Investment Scams Can Cost You and Your Business
Ponzi schemes, pyramids, and pump and dump frauds are but a few of the colorful names given to the multitude of ways to separate people from their money through investment scams. A sophisticated investment scam, but a scam nonetheless, involves securities fraud. While some of these schemes have involved billions of dollars, be wary of scams involving much smaller dollar amounts.
There are many investment frauds are in use today and the following are just a few of them.
Ponzi Schemes Are Still Going Strong
Named for Charles Ponzi, a Ponzi scheme is simply a system of robbing Peter to pay Paul. It's a pyramid of investors, the earlier (top) ones being paid off from the investments of the later (bottom) ones. Although these kinds of schemes were conducted long before the illustrious Ponzi was born, and they continue to proliferate today, he raised it to an art form and richly deserved to have this technique bear his name into perpetuity.
The Fraud: Ponzi died broke in 1949 in Brazil, but his legacy lives on. Every new day dawns on some innovative scam based on Ponzi's pyramid scheme model, as the Madoff scandal amply demonstrates.
The peak of the pyramid thrives as long as the "downline" foundations don't crumble. But pull out just a few of those bottom rows of stones and fail to replace them--and see how quickly the mighty structure crumbles to dust. The modern day example of a spectacular Ponzi scheme is the Bernard Madoff scam uncovered in late 2008 where enormously wealthy people were conned into this multi billion dollar fraud "by invitation only!"
Many Multi Level Marketing (MLM) operations are pyramid schemes at heart. The difference is that while Ponzi dealt in cash or cash substitutes, MLMs allegedly deal in products. There is a fine line between legitimate MLMs and MLM scams. The courts have held that if a majority of profit comes from product sales to end-users, rather than inventory purchases by new recruits, the MLM is legit.
The Flaw: Gullibility and greed.
The Fix: As always, if it seems too good to be true, run for the exit!
Pump and Dump Is a Form of Security Fraud
Pump and dump is a catchy handle for artificially pumping up the price of a security and then dumping your own low-cost shares at a huge profit.
The Fraud: A fast-talking fraudster promotes a loser stock in online message boards, social networking sites, via telemarketing, and lots of spam. The relentless hype causes uninformed people to impulsively buy into the stock tip, driving the price way up. The fraudster then bails out of his holdings at the pumped up high, having dumped all his worthless shares on the unsuspecting hot tip believers.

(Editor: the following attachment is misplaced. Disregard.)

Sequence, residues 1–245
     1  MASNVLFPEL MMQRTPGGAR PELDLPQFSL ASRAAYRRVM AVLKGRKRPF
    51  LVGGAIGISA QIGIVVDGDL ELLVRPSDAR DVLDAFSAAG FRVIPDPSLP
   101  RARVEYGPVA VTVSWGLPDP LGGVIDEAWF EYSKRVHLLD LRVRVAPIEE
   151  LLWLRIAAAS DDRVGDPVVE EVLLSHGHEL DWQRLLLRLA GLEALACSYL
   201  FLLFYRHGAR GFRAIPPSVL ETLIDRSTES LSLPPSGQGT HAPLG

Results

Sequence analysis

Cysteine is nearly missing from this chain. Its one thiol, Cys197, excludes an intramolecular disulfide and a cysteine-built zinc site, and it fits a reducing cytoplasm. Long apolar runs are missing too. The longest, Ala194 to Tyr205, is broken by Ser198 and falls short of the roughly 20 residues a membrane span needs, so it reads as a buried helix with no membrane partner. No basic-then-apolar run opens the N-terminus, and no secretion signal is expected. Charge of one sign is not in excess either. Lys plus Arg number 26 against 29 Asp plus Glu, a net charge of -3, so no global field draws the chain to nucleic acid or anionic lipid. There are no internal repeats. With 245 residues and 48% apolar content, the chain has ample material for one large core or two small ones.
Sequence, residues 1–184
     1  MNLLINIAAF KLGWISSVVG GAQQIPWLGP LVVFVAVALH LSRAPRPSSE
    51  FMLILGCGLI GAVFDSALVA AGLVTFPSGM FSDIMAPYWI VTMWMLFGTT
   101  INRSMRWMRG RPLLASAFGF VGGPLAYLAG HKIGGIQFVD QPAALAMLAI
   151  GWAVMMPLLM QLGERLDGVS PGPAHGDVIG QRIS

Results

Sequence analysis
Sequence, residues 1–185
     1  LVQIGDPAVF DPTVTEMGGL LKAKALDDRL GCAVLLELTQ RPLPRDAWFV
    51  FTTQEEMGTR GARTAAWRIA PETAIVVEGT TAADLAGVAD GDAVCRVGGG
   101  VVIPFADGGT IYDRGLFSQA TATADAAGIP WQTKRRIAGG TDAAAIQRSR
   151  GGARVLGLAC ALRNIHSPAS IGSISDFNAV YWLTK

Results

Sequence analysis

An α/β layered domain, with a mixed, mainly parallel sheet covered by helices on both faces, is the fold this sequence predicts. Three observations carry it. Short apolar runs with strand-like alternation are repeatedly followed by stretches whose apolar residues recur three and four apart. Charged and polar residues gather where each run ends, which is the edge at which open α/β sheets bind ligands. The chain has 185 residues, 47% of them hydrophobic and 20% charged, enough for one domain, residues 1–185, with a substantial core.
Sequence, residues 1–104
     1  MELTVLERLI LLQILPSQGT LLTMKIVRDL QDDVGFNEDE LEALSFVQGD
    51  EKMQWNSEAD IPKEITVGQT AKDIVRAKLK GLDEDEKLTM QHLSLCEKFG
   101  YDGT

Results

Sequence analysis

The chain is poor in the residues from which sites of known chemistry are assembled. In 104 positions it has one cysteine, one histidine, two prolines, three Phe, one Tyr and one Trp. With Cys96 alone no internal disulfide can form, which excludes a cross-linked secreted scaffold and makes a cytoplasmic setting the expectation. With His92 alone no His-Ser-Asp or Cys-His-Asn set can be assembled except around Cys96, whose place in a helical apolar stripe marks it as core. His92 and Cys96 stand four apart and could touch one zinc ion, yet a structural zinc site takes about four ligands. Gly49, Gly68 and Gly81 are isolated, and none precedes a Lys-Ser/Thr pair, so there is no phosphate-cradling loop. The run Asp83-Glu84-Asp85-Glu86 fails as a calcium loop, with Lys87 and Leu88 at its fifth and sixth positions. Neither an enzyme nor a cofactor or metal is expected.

The Flaw: The rapid dispersal of information and emphasis on urgency to act causes ignorant buyers to become unwittingly complicit in the scheme. (It sounds like such a good tip!)
The Fix: As always . . . if it's just too good to be true, run, run away!
Securities Fraud Never Gets Old
Stock market manipulation through deceptive practices has been rampant of in recent history.
The Fraud: Securities fraud brings to mind images of Ivan Boesky or Michael Milken--and more recently the merry band of Enron entrepreneurs and Bernie Madoff. Inflating earnings, accelerating income, hiding liabilities off-balance-sheet, insider trading and a host of other devices have been inflicted on the public.
The Flaw: A blatant lack of regulation. What regulatory power existed with the SEC and CFTC had been watered down over the years in the name of "free market" economic theory.
For example, the Glass-Steagall Act of 1933 protected bank depositors from the additional risks associated with security transactions .... until it was dismantled in 1999.
The Fix: Since the securities industry failed to regulate itself, regulatory changes have been made to attempt to re-establish and maintain stability and investor confidence.
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